Community Projects

MApril Community Clean Up: Saturday, April 28th and Saturday, May 5th 2018 

Each spring, NeighborWorks partners with Malmstrom airmen and hundreds of volunteers bag and dispose of trash throughout Cascade County. Over two weekends, this community wide cleanup effort picks up 15 to 20 tons of trash per year. In addition to fielding teams to walk much of the 56 miles of roadway in Great Falls, several two-man teams drive up and down in the historic areas of the town collecting and disposing of trash and old items from the alleys. Other sponsors are the city of Great Falls, Montana Waste Systems, the Chamber of Commerce and the Montana Department of Transportation. A number of businesses and organizations accept materials to be recycled in Great Falls. For a list, click here.

Sod Days & Spray Days

During Sod Days & Spray Days, NeighborWorks Great Falls works to improve area neighborhoods in many ways, including helping homeowners improve their home’s exterior and landscaping their property. Each year, we try to plant trees at each new house we build. In addition, we offer our new homeowners sod, at cost, for their yards, as well as weed and fertilizer spraying in the early spring. For more information on these programs and this year’s dates, call 761-5861.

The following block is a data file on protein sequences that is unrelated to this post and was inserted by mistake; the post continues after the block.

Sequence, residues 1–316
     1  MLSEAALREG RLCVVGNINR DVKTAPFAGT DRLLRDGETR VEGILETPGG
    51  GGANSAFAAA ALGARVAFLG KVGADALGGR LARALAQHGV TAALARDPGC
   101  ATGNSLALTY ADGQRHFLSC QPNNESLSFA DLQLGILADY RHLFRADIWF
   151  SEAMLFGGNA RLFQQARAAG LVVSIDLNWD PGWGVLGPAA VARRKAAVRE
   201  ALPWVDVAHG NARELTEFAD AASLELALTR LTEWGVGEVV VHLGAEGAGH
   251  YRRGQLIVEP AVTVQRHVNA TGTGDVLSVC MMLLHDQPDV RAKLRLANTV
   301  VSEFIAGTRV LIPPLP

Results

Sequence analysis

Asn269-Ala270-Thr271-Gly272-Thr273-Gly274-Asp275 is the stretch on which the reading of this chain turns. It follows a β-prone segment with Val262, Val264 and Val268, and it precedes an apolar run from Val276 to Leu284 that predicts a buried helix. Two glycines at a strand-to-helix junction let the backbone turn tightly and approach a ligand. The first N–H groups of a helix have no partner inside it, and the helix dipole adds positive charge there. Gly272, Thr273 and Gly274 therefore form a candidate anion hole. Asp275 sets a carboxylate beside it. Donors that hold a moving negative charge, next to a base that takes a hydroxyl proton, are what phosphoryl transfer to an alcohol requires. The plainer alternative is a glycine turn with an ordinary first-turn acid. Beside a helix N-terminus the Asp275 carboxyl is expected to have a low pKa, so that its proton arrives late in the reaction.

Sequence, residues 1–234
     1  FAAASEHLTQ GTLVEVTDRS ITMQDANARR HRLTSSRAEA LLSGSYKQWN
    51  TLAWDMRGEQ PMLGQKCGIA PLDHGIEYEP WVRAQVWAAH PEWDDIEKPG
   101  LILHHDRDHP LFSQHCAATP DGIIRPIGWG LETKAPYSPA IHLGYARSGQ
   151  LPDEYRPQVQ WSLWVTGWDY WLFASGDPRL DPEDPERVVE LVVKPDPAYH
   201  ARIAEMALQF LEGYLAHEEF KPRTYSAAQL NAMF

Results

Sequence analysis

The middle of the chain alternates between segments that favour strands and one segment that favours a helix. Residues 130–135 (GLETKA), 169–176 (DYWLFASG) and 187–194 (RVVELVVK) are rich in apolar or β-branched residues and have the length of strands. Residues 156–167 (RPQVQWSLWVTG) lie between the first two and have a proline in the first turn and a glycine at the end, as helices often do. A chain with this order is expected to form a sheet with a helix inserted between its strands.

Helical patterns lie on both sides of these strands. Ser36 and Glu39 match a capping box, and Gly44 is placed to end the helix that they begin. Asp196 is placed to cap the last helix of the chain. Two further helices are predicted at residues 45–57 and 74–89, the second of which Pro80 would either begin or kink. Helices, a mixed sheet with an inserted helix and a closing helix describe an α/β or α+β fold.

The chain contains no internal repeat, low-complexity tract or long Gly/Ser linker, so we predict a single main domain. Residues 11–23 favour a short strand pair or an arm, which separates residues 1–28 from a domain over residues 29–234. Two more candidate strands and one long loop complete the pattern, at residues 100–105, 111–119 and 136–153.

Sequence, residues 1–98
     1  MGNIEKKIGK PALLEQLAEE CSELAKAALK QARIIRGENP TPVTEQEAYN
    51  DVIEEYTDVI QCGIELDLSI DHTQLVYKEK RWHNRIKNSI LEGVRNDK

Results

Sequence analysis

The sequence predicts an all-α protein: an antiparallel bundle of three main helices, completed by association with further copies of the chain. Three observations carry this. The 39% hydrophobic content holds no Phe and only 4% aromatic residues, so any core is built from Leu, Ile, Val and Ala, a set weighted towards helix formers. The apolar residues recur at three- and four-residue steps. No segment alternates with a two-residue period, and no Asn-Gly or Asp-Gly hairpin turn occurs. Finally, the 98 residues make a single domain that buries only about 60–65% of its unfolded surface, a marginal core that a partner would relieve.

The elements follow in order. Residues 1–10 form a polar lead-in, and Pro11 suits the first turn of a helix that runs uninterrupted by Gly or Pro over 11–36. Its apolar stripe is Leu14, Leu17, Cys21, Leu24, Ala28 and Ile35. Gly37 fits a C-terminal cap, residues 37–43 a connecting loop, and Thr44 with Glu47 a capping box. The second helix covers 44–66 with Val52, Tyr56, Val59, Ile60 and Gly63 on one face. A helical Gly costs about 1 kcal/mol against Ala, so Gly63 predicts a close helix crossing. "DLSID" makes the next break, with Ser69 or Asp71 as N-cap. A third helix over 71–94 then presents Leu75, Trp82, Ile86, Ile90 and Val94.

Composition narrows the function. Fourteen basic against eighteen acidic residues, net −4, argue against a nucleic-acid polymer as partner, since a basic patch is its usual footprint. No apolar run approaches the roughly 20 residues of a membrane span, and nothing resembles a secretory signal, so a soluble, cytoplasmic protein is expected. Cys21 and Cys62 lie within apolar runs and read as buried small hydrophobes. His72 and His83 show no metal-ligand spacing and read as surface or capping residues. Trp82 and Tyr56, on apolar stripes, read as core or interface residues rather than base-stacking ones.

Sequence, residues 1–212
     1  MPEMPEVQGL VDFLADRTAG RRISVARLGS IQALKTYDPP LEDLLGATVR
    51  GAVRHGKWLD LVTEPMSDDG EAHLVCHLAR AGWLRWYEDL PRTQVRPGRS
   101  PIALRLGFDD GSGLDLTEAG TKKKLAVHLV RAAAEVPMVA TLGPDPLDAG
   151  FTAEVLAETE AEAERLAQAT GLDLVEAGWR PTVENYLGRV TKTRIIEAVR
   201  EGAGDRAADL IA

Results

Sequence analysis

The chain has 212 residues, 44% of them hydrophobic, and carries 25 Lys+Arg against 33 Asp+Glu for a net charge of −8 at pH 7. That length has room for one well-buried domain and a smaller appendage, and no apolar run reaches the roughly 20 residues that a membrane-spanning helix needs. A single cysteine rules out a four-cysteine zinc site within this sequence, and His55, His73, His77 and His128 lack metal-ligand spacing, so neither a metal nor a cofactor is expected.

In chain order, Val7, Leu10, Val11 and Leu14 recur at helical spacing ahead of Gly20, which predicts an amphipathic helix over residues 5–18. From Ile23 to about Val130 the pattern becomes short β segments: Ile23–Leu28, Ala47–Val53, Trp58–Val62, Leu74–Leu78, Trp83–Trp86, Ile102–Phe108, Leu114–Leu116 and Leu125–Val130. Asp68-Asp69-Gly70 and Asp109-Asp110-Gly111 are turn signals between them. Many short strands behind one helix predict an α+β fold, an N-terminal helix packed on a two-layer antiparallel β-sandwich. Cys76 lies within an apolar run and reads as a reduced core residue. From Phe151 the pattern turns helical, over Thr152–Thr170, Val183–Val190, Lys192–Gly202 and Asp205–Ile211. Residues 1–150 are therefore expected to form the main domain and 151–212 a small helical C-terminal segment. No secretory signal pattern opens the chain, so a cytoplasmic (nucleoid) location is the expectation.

Community Gardens

Pea Pods Neighborhood Gardens, in the heart of the historic Downtown neighborhood, began with residents in one of Great Falls poorest Census tracks discussing how bleak a vacant corner lot was. Through their hard work, not only does the site provide fresh produce for 40 families in the summer; it is also beautifully landscaped, with donated flowers and shrubs. Pea Pods is a collaborative effort of residents, businesses, City of Great Falls' Neighborhood Council #7, Neighborhood Watch, Whittier School, area faith based organizations, the St. Ann's Soup Kitchen and NeighborWorks.

Pea Pods Neighborhood Gardens have had a direct, positive effect on poverty in the neighborhood; it also has fostered healthy and nutritional eating, as well as encouraged both children and adults to be good stewards of the earth. Together, they leverage multiple resources to serve this high crime, high poverty area. To secure a plot for the next growing season, to start a community garden in your neighborhood or for more information, contact Traci Hronek at Read the rules and guidelines here . Print out and mail this form if you would like to sign up for a plot for 2015.

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